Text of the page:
Sovereign Power and Counter-Law: Larsen and Piché compared to Agamben

Larsen and Piche’s article explains the exceptional state, pragmatic bureaucracy, and indefinite Detention within Kingston Immigration Holding Center, as compared to Agambens’ theories relating to emergency powers a state has during times of crisis. Agamben focuses on a general version of normalized states of exception, whereas Larsen and Piche focus on specific circumstances which give rise to institutionalized policy and counter-law.

Larsen and Piche in their Canadian Journal of Law and Society article differ from Agamben’s theorization of the idea of “Camp.” Agamben’s “Camp” refers to the imagery of World War II Nazi concentration camps, which is used as a key view point to examine exceptional states.  Agamben tries to analyze the rules of law surrounding the conduct and manner in which persons are maintained within these concentration camps.  Agamben tries to show that how physical nature can be manipulated and laws of unfavorable or unrealistic ideals before can easily change within an instance. The highlight of Agamben’s camp shows that sovereign power can oppose law and create a new environment which tries to justify its own actions. These sorts of sovereign regimes take power and create states of exceptions when in power to counteract laws which they find unnecessary or useless to themselves.

Larsen and Piche focused their research on the Kingston Immigration Holding Centre (KIHC).  Inmates who were placed in KIHC were those who were deemed a threat to national security; these individuals would have security certificates which were only issued to non-citizens. Those who were held under security certificates had lost almost or all of their fundamental rights. This sort of idea relates to that of  Guantanamo Bay, in which persons of high risk to national security would be held with no rights, and no way of being able to defend themselves by having a fair trial. The idea of this exceptional power which denies the basic rights and freedoms to those being held is an example of a government power as a counter law to deny the regulation of law to apply to those being held in these situations.  “While security certificates themselves allow immigration law to be used in place of criminal law in order to facilitate precautionary national-security policy, the Kingston Immigration Holding Centre MOU uses a legal contract to circumvent the correctional and criminal-justice aspects of CSC’s mandate in order to facilitate preventive detention (Larsen and Piché, 2009, p. 210).”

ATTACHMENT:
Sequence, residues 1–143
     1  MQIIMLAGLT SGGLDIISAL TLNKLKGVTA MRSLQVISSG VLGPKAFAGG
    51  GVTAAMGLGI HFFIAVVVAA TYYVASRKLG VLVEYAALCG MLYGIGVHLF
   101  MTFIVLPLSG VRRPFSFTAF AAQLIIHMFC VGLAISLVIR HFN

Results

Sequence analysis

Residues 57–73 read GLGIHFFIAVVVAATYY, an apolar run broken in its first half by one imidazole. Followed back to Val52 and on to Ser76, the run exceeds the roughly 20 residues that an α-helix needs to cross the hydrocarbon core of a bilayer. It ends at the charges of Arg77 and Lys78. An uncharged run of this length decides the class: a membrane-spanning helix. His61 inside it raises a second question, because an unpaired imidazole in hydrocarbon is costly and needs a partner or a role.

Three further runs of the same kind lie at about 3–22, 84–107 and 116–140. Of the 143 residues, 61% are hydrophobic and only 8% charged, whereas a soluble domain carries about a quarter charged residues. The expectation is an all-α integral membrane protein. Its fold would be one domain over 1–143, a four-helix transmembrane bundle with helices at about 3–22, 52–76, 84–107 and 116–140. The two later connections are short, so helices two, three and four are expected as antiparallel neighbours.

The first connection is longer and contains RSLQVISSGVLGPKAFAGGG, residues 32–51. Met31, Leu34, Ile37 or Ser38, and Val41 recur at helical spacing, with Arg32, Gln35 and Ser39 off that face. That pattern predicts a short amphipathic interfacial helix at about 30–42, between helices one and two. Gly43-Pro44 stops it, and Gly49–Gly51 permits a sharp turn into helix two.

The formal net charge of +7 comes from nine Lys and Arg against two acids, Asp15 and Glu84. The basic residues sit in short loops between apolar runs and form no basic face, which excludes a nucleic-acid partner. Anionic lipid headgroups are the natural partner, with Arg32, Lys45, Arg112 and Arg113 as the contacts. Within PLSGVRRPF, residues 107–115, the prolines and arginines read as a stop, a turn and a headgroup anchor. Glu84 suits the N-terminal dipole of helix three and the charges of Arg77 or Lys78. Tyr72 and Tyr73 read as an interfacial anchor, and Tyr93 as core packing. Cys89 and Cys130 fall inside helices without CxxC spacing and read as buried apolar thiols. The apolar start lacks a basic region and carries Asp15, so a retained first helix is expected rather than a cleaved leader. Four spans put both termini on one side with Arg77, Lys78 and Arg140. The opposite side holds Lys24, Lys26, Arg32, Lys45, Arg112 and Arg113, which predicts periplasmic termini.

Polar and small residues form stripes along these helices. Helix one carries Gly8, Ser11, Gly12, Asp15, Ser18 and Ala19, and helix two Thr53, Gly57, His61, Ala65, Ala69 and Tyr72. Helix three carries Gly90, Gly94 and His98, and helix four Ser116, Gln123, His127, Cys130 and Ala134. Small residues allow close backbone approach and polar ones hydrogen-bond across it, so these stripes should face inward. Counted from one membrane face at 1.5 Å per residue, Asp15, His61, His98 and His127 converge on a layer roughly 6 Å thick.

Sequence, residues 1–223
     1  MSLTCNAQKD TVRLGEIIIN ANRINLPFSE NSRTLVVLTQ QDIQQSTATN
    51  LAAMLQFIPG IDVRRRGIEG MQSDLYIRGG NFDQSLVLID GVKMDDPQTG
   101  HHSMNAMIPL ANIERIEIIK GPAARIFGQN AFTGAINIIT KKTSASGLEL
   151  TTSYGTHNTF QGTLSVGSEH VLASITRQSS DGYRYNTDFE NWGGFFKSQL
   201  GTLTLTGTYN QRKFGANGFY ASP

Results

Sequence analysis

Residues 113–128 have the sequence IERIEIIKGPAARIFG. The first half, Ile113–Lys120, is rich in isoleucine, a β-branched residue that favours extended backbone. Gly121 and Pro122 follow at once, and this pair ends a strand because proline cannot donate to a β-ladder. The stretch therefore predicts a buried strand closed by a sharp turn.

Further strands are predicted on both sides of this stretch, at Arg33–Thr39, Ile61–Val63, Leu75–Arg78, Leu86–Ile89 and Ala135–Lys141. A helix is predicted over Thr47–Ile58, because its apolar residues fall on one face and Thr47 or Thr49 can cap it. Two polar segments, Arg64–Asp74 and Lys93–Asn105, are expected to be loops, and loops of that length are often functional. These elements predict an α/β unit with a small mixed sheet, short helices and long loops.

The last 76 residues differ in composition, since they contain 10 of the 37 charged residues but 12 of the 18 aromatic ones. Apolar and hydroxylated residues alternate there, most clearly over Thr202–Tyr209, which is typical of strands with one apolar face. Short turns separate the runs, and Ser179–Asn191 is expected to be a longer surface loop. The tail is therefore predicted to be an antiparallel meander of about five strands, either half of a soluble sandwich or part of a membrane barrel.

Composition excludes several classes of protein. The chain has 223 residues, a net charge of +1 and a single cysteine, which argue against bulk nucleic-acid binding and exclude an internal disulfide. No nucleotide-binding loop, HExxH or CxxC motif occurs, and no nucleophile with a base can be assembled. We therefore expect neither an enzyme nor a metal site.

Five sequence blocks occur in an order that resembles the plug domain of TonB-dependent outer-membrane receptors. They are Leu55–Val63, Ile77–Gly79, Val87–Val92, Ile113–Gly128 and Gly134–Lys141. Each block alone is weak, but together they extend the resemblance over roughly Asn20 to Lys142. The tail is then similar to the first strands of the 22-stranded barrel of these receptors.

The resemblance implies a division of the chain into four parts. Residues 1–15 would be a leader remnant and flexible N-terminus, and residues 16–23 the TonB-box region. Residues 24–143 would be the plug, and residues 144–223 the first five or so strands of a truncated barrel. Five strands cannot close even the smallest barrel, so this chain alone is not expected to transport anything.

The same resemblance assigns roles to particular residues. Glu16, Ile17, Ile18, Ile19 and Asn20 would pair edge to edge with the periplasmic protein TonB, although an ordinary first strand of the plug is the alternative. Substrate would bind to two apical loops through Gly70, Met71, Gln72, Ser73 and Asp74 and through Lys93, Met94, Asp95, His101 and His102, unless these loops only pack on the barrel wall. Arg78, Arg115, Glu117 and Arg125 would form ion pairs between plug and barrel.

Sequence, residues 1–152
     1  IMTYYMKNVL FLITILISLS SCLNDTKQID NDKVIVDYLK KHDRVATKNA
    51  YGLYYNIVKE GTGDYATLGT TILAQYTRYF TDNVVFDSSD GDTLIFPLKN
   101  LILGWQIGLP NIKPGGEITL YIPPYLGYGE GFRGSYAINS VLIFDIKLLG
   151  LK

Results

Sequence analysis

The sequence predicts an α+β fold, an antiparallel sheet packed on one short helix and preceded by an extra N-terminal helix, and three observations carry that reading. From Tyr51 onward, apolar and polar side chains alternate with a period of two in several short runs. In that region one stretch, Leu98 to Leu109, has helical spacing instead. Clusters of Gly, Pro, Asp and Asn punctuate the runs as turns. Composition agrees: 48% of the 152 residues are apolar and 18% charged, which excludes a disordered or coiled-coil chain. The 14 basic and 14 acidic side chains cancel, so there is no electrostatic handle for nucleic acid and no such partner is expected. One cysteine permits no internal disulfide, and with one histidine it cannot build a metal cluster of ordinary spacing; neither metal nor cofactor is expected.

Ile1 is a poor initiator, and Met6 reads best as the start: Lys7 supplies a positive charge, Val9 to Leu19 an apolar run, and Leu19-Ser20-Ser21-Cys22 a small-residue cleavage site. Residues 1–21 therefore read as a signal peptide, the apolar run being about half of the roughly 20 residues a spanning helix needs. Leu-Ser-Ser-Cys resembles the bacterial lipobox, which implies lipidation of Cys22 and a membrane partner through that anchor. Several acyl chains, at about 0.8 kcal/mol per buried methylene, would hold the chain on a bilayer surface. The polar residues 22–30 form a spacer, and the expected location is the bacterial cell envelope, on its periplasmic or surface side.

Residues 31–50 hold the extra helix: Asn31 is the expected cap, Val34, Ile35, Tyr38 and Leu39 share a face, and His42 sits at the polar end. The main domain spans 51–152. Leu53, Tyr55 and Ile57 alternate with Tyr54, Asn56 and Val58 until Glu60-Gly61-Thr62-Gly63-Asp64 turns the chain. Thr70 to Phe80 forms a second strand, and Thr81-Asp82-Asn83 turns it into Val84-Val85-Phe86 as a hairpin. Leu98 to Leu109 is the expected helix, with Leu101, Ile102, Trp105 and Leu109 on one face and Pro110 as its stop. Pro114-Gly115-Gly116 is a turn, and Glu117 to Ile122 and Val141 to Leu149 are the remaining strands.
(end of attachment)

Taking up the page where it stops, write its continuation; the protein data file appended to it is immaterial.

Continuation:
The idea studied by both parties is to examine the law behind the surrounding of how something like the KIHC and Nazi camps were conducted and allowed within. I agree with the nature of the argument due to the fact that it looks deeper into what the root cause that is plaguing the system while trying to gather information on what caused the issue to unfold in this manner.


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One response to “Sovereign Power and Counter-Law: Larsen and Piché compared to Agamben

  1. Good post.

    I would note that both texts – Agamben and our CJLS article – utilize the concept of the camp, and that both are ultimately concerned about the nature and implications of spaces and practices of normalized exceptionality.

    In terms of differences, our article on KIHC is informed by the ideas of Butler (on petty sovereigns) and Ericson (on counter-law, which concerns ‘laws against law’ employed according to a precautionary logic). Where it really differs is in its focus on the intersection of ‘exceptional states’ and existing or ‘normal’ bureaucracies and institutions.